What are some of the great positioning statements of all times? I bet the ones you think of are not one-word slogans. Most of them are longer, aren’t they? And you remember them because they tell a story and they are long enough to connect with you emotionally. It seems brand positioning lines are getting shorter and shorter. Like we have to boil it down to the fewest words possible. But in doing that we often miss the emotional attachment.
Here are some classic brand positioning statements:
Fed Ex: “When it absolutely, positively has to be there overnight”
Smuckers: “With a name like Suckers , it’s got to be good”
Avis: “Avis is number 2 in rental cars. So why go with us? We try harder”
Ace Hardware: “Ace is the place with the helpful hardware man”
New York Times: “All the news that’s fit to print”
M&M: “Melts in your mouth, not your hands”
Las Vegas: “What happens in Vegas, stays in Vegas”
Geico: “15 Minutes can save you 15% or more on car insurance”
Secret deodorant: “Strong enough for a man, but made for a woman”
The list could go on and on. The thing that makes them great is they each tell a story and they connect emotionally. Sure, all of them could have been shortened and probably communicated the message but they wouldn’t have been emotionally appealing and therefore would have been less memorable.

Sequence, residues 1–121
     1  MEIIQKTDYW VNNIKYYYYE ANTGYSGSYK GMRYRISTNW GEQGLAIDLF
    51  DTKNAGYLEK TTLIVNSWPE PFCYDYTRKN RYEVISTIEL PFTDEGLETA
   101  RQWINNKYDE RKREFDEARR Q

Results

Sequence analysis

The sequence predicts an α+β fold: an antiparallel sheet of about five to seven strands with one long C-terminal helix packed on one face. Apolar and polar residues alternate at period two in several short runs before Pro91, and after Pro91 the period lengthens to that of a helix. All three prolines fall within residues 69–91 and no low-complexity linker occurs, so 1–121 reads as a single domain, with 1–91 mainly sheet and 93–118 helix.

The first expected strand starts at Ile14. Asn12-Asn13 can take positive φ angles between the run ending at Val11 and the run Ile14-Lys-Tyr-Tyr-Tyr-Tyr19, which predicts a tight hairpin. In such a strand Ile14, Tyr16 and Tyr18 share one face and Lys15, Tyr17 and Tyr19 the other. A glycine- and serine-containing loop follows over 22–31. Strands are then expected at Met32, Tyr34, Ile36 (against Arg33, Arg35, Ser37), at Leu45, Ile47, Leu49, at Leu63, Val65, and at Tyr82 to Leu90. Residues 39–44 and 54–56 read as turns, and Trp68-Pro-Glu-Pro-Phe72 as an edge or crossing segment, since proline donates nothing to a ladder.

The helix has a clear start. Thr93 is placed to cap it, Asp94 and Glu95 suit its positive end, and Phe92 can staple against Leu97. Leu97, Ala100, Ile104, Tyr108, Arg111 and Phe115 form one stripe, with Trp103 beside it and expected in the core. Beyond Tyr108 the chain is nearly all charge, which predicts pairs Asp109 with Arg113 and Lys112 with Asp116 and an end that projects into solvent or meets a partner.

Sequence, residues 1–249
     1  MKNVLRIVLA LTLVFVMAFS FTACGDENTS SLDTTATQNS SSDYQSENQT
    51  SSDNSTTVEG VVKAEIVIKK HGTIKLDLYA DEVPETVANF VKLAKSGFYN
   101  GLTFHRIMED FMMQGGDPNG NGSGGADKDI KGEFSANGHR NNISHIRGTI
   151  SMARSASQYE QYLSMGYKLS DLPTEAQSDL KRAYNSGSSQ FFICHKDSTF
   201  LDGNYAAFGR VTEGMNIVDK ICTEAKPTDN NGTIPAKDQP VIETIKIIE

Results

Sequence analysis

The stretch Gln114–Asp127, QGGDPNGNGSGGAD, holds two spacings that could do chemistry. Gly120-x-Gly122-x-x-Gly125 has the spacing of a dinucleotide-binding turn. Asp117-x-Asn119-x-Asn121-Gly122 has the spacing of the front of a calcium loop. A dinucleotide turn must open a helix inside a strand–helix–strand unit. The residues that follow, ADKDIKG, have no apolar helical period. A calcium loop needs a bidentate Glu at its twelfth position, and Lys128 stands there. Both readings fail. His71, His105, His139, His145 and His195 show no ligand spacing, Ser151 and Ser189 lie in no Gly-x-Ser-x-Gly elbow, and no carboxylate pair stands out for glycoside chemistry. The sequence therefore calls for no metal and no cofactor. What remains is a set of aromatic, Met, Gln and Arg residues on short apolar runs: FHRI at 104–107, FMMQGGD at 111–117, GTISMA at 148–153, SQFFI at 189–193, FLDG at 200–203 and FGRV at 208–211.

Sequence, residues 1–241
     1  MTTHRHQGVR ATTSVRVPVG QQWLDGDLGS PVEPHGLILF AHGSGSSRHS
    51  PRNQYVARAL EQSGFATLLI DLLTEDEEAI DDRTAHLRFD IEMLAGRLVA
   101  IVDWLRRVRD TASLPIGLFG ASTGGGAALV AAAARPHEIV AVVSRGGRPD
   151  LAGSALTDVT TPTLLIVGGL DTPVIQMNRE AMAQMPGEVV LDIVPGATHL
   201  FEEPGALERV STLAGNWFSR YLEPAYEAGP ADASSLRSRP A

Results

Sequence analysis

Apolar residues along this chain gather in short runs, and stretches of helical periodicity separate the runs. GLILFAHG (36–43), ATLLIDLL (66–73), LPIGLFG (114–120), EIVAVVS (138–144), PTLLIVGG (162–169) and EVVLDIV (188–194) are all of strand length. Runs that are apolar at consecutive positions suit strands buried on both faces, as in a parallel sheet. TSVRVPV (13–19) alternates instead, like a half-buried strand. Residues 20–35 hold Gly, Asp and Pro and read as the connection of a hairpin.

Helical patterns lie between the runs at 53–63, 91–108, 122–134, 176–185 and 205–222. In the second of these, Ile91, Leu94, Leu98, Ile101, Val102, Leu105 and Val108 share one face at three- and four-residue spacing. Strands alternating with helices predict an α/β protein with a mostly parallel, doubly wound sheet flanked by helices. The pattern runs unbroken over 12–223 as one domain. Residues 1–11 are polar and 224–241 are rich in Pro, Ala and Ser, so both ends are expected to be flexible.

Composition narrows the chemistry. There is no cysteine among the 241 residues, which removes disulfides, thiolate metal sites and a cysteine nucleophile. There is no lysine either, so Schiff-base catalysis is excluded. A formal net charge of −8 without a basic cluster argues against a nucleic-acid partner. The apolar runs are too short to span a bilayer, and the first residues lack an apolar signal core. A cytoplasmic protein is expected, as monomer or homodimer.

Fed Ex: “The overnight company”
Smuckers: “It’s good”
Avis: “We try harder”
Ace Hardware: “The helpful people”
New York Times: ”All the news”
M&M: “Not messy”
Well get the point? The power of a brand positioning line is not it’s brevity, but it’s emotional attachment. It doesn’t necessarily mean it has to be long but it does have to connect. “Just Do It” is not long but connects and there is therefore memorable. The same can be said for “Diamond are forever” for DeBeers.
Compare the positioning statements of two coffees. Maxwell House said “Good to the last drop” and had a strong market share. But Folgers with “ The best part of waking up is Folgers in your cup” has grown to dominant Maxwell House. There are lots of reasons for this but the emotional positioning of Folgers certainly paved the way.
Charmin leads the toilet paper category by using. Mr. Whipple to ask us to “Please, don’t squeeze the Charmin.” The simple word like “please” makes that emotional attachment. And even President Obama was smart by not just using “Change” as his positioning line but rather the much stronger, “Change we can believe in”
There are thousands of brand positioning lines but the ones we remember speak to both the rational and emotional sides of our brain. The right and left side. As healthcare marketers, we too must work really hard to appeal to our audiences both rationally and emotionally. That’s usually not done with a short one or two word positioning line. It more often than not requires more words. Words that tell a story and connect emotionally. Words that speak to the heart as well as the mind.
Al Ries, Chairman of Ries & Ries, a marketing firm in Atlanta, wrote an article in Ad Age that cited many of these examples and made this point very strongly. He concluded the article by writing, “When Abraham Lincoln was asked how long a man’s legs should be in proportion to his body, he replied, ‘they ought to be long enough to reach the ground.’ How long should a slogan be? It should be long enough to reach an emotional connection in the consumer’s mind.”